During the campaign, Donald Trump promised he could save Americans $300 billion every year, a sum larger than the cost of World War Two in today’s dollars, by allowing Medicare to negotiate drug prices directly with manufacturers. Republicans say Medicare, the government’s program to cover medical care for older Americans, faces serious financial troubles in coming years.
Today, after a meeting with pharmaceutical lobbyists, Donald Trump reversed his promise to negotiate drug prices. Trump instead announced lower taxes and fewer regulations on the pharmaceutical industry
Here’s his statement announcing the plan.
After telling pharmaceutical industry executives present that “you people are gonna do great, you’re gonna do great,” he promised that he would be “lowering taxes big league” and “getting rid of regulations that are unnecessary, big league.”
Just weeks ago, he told Fox Business that “drug companies are getting away with murder” and “pharma has a lot of lobbyists, a lot of power.”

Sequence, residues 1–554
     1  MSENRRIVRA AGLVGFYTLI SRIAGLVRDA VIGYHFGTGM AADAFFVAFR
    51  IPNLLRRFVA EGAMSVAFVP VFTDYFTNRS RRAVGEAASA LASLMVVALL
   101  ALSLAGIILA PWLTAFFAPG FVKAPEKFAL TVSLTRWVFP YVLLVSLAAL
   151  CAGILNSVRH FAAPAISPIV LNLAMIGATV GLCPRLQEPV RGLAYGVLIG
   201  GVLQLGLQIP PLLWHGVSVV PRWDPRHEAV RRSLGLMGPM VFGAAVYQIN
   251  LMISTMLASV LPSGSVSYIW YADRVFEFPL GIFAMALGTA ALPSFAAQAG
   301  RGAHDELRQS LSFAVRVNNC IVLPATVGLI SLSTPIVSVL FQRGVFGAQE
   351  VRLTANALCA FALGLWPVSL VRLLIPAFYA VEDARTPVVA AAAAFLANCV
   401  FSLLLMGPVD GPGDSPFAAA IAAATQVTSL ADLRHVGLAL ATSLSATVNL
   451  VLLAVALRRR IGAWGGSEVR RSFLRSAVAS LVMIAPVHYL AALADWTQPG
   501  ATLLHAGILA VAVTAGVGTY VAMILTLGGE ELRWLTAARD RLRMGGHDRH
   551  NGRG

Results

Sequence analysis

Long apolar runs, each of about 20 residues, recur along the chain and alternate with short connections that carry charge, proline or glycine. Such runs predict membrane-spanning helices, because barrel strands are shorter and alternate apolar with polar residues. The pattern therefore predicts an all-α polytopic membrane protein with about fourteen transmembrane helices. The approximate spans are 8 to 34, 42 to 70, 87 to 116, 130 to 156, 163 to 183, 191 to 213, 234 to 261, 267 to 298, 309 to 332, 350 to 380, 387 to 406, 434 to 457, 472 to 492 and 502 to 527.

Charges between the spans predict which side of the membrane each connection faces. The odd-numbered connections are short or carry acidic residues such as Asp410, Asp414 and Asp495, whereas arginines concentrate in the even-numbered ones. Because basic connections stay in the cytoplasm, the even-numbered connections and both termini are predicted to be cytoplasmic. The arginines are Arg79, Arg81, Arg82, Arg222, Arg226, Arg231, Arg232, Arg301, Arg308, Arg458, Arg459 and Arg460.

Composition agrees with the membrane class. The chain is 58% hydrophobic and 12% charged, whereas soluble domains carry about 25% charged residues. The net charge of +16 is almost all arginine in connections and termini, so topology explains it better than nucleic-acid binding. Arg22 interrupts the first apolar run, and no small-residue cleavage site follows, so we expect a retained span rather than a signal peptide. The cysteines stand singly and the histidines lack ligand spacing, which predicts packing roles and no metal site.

Today, he acquiesced to them.
Even if Trump hadn’t flip-flopped on that promise, it was a “preposterous” campaign promise, according to The Committee for a Responsible Federal Budget. They say the federal government spends less than $300 billion on drugs every year, making such savings mathematically impossible.
Not even a year ago, Trump said this in the Feb 18th MSNBC debate (transcript here):
The problem is, we don’t negotiate – we’re the largest drug producer, and – we’re the largest drug buyer in the world. We don’t negotiate. We don’t negotiate […] If we negotiated the price of drugs, Joe, we’d save $300 billion a year. I self-fund, I’m going to do it. These candidates are all controlled by the drug companies, the lumber companies, they’re never going to do that. They’re never going to do it.